It may be improper, however, for a judge to view the website of a party appearing before him or her (North Carolina Judicial Standards Commission Inquiry No. 08-234 (2009) [judge also engaged in ex parte communications with counsel])

Are there other activities that a judge should refrain from on social networking sites? A Georgia superior court judge who just stepped down could answer that question for you. The Georgia judge apparently developed a personal relationship on Facebook with a woman who was a defendant in a case that was pending in his courtroom (Katheryn Hays Tucker, "Ga. Judge Steps Down Following Questions About Facebook Relationship With Defendant," Law.com (January 7, 2010); available from law.com/jsp/law/LawARticleFriendly.jsp?id=1202437652986). The relationship began when the judge contacted the woman asking about a haircut because he saw that she worked for a hair salon, and progressed over time to the judge advising the woman on strategy and negotiation in her own case, even stating "I can help you more behind the scenes so long as very few people know it" (Id.). The relationship then progressed to in-person contact (Id.). While the judge was not prosecuted criminally, his conduct appeared to violate the Georgia Code of Judicial Conduct, which states among other things that judges shall maintain high standards of conduct, and avoid both impropriety and the appearance of impropriety "in all their activities" (Id.).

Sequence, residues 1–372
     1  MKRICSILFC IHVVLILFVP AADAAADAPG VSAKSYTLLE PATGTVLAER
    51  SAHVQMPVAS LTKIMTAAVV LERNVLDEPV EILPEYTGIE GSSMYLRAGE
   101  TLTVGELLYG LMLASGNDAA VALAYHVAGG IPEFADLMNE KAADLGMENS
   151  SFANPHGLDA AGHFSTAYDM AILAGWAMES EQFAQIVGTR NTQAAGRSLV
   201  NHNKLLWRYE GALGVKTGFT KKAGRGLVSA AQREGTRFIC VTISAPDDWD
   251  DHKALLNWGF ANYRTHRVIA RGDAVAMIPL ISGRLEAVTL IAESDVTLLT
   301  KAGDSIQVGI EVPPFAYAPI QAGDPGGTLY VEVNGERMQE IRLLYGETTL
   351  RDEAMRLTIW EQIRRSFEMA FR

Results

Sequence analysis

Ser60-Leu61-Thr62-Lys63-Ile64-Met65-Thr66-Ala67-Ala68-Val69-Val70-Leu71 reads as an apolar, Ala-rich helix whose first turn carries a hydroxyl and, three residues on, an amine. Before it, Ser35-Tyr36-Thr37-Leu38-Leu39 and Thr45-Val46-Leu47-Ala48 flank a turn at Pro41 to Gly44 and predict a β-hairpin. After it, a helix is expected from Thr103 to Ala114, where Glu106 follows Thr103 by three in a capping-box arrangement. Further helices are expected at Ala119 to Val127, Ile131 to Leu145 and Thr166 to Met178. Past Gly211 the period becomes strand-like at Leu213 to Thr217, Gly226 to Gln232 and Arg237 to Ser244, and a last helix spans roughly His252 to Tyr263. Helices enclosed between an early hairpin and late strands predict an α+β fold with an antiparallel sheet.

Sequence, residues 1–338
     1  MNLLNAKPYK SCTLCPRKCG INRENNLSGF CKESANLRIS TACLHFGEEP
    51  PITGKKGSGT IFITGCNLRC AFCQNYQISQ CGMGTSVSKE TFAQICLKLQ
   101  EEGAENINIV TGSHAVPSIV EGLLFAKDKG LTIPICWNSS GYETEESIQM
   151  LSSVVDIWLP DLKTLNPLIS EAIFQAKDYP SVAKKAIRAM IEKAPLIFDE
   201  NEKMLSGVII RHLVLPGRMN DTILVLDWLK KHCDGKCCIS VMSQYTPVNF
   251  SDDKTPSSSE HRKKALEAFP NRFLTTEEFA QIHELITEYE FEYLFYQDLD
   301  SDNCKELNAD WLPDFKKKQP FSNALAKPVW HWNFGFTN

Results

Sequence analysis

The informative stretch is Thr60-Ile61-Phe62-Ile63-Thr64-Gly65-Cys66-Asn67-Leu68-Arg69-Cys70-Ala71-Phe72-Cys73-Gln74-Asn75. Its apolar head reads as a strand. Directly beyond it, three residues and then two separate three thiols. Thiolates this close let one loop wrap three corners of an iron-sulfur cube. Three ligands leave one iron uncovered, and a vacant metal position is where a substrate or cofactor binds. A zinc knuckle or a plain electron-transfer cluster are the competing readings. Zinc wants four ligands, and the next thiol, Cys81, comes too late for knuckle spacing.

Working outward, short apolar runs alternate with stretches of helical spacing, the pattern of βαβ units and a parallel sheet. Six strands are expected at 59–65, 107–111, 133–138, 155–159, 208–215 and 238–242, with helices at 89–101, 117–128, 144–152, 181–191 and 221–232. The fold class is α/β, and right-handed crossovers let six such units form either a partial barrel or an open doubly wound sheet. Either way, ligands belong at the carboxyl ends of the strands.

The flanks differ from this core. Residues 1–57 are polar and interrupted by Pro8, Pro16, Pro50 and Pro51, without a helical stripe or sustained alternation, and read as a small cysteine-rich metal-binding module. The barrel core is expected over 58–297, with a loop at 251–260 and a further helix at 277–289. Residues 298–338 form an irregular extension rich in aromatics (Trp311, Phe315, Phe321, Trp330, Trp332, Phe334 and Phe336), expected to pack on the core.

What about "fan" clubs? Fans listed on a judge's campaign site have been viewed as generally acceptable as long as the candidate was not able to "accept" anyone seeking to be added to the page (Ken Strutin, "Social Networking Pitfalls for Judges, Attorneys," (March 17, 2010); law.com/jsp/lawtechnologynews).